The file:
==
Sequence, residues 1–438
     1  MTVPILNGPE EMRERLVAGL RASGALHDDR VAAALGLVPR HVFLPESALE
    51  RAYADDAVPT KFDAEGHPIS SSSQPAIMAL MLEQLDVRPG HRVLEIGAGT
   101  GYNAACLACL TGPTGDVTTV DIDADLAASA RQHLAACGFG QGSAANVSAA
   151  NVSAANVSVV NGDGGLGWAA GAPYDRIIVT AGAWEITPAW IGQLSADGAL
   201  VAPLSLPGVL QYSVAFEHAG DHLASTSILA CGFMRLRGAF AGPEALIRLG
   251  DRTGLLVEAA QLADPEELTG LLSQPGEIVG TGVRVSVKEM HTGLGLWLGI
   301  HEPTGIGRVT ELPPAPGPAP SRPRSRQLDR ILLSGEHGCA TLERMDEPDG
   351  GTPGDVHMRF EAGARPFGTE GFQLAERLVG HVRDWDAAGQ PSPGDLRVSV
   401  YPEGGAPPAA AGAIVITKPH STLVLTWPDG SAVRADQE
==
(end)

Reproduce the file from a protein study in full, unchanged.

Sequence, residues 1–438
     1  MTVPILNGPE EMRERLVAGL RASGALHDDR VAAALGLVPR HVFLPESALE
    51  RAYADDAVPT KFDAEGHPIS SSSQPAIMAL MLEQLDVRPG HRVLEIGAGT
   101  GYNAACLACL TGPTGDVTTV DIDADLAASA RQHLAACGFG QGSAANVSAA
   151  NVSAANVSVV NGDGGLGWAA GAPYDRIIVT AGAWEITPAW IGQLSADGAL
   201  VAPLSLPGVL QYSVAFEHAG DHLASTSILA CGFMRLRGAF AGPEALIRLG
   251  DRTGLLVEAA QLADPEELTG LLSQPGEIVG TGVRVSVKEM HTGLGLWLGI
   301  HEPTGIGRVT ELPPAPGPAP SRPRSRQLDR ILLSGEHGCA TLERMDEPDG
   351  GTPGDVHMRF EAGARPFGTE GFQLAERLVG HVRDWDAAGQ PSPGDLRVSV
   401  YPEGGAPPAA AGAIVITKPH STLVLTWPDG SAVRADQE